He returned to the clearing and organized the handling of the slain raiders. First they stripped the valuables from the dead. The tribe would reuse weapons, belts, and shoes. Then they loaded the bodies on horse carts, making one trip after another over the sandy trail. At the beach, wood was stacked to form a pyre. When it was ready, he dropped the torch that lit the wood, speaking the words that would release the souls of the dead to the Aether. He did this with some amazement at himself. Here, in the aftermath of battle just as during, neither his voice nor his hands wavered.
It was well into afternoon by the time he took the path back through the dunes to the compound, his legs shaking with fatigue. Perry slowed his pace, and Reef matched him. They let the others pull ahead.
Bloodstains covered Perry’s shirt, his knuckles throbbed, and he was pretty sure he’d broken his nose again, but Reef had managed to come through the raid without a scratch on him. Perry didn’t know how he’d done it. He’d seen Reef fighting as hard as he had been, maybe harder.
“What’d you do this morning?” he asked.
Reef smirked. “Slept late. You?”
“Read a book. ”
Reef shook his head. “I don’t believe you. You look worse after you read. ” He was quiet for a moment, the humor disappearing from his face. “We got lucky today. Most of those people had no idea how to fight. ”
He was right. The raiders had been desperate and disorganized. The Tides wouldn’t be that lucky twice. “Any idea where they were from?” Perry asked.
“South. They lost their own compound a few weeks ago. Strag got it out of one of the injured before he drove them off Tide land. They were after shelter. My guess is they got word of our weak numbers and decided to take a chance. They won’t be the last ones to try. ” Reef tipped his chin at Perry. “You know you probably wouldn’t be standing here if you’d been wearing the chain? They’d have targeted you. Take the leader down and the rest is easy. ”
Perry stopped. He reached up, feeling the absence of the weight around his neck, and then noticed that Reef was carrying his satchel.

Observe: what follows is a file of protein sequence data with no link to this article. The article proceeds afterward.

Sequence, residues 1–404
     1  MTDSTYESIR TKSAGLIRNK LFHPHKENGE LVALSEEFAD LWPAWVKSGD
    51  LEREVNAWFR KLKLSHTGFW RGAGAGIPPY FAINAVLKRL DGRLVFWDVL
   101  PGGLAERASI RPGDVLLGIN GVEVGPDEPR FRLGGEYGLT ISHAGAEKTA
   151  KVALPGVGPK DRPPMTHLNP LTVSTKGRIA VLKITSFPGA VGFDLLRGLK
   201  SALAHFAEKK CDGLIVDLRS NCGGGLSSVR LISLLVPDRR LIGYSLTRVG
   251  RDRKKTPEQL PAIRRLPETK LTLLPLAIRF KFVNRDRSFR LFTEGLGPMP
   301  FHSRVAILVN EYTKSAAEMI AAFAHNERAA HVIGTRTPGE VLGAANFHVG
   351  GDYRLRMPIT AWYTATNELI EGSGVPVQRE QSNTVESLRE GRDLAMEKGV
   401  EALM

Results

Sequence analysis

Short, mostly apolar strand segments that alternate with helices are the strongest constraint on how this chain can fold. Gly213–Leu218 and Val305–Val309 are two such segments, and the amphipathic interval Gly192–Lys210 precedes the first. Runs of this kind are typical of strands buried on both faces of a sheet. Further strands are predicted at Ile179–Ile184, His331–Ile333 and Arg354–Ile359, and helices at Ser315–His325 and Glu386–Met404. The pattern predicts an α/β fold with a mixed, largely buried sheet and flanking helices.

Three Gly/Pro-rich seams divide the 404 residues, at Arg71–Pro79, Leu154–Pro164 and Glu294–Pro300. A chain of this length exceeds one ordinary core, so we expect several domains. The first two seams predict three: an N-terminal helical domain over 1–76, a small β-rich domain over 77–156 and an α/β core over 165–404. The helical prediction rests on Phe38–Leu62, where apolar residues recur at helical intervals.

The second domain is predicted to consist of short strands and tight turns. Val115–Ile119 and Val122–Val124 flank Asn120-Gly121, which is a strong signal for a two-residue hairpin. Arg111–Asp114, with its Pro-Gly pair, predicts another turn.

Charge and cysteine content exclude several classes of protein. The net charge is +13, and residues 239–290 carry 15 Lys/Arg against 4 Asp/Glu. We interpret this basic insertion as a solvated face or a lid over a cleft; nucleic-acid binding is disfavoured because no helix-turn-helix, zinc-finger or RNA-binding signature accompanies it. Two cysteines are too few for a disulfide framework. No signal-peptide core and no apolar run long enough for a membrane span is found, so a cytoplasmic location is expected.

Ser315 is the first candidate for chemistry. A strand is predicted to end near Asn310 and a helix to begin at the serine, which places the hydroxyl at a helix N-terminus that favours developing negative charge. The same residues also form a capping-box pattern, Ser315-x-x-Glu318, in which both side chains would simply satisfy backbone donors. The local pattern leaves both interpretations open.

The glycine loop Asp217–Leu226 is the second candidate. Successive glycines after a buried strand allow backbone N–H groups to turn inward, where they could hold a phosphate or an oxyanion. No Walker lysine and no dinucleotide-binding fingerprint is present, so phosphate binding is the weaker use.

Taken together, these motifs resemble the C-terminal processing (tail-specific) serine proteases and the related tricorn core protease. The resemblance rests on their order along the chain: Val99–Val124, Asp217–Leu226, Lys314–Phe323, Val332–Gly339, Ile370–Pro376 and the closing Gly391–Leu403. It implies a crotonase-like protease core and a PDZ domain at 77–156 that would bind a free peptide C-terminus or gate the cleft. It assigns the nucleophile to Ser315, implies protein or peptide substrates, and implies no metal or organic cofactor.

“It’s in here,” he said, handing it over. “Strange thing about you, Peregrine. Sometimes it’s like you know things are going to happen before they do. ”
“No,” Perry said, taking it. “If I could predict the future, I’d have avoided a lot of things. ” He slipped the chain out of the leather pack. For an instant he held it in his hand and felt a connection to Vale and his father through it.
“They’re calling you a hero for this,” Reef said. “I’ve heard it a few times already. ”
Were they? Perry pulled the chain over his head. “First time for everything, I guess,” he joked, but it made no sense to him. What he’d done today felt no different from trying to rescue Old Will during the storm.
As he walked up, he found the tribe waiting at the compound. They spread into a circle around him. The clearing had been washed down with buckets of water, but the mud beneath his feet held traces of ash and blood. At his side, Reef muffled a grunt, reacting to the scent that hung in the afternoon air. Pure fear was hard on the nose.
Perry knew they wanted to be reassured—to be told that it was safe now, that the worst was over—but he couldn’t do it. Another tribe would raid them. Another Aether storm would come. He couldn’t lie and tell them that everything was fine. Besides, he was terrible at speeches. If there was som
ething genuine and important to be said, he needed to look a person in the eye and say it.
He cleared his throat. “We can still put in the better part of a day’s work. ”
The Tides looked at one another, unsure, but after a few moments they broke off to fix the protective walls and the roof tiles, and make all the other repairs that were needed.
Reef’s voice was quiet beside him. “Well done. ”
Perry nodded. The tasks would help put them at ease. Repairing the compound would calm them more than any speech he could give.
Then it was time for him to do his own work. He started from the western edge of his territory and made his way east. He found the Tides, every one, in the stables, in the fields, at the harbor, and looked into their eyes and told them he was proud of what they’d done today.
Late that night, with the compound silent, Perry climbed up to his roof. He gripped the heavy links around his neck until the cool metal warmed between his fingers. For the first time, he felt like their Blood Lord.
Ready?” Aria asked Roar.
They’d made camp by the Snake River, which would lead them the rest of the way to the Horns. Branches were strewn across the harsh, gravelly banks, and the wide river ran smooth as a mirror, reflecting the swirling Aether sky. They’d moved swiftly through the afternoon, keeping ahead of an Aether storm. The distant shriek of the funnels carried to her ears, prickling the skin on the back of her neck.
Roar leaned back against his satchel and crossed his arms. “I’ve been ready since the day I woke up and Liv wasn’t there. You?”
They’d spent the past week climbing Ranger’s Edge, a frigid mountain pass bordered by sharp, soaring peaks that looked like shredded metal. Between her ears and Roar’s, they’d steered clear of encounters with other people and wolves, but they hadn’t been able to escape the constant wind that sliced through the pass, trapping it in what felt like perpetual winter. Aria’s lips had chapped and cracked. Her feet had blistered, and her hands were numb, but tomorrow, two weeks after they’d left the Tides, they’d reach Rim at last.
“Yes. Ready,” she answered, trying to sound more confident than she felt. The magnitude of her task was hitting her. How was she going to discover protected information from Sable—a Scire who despised Dwellers? A Blood Lord who trusted no one with the secret he guarded?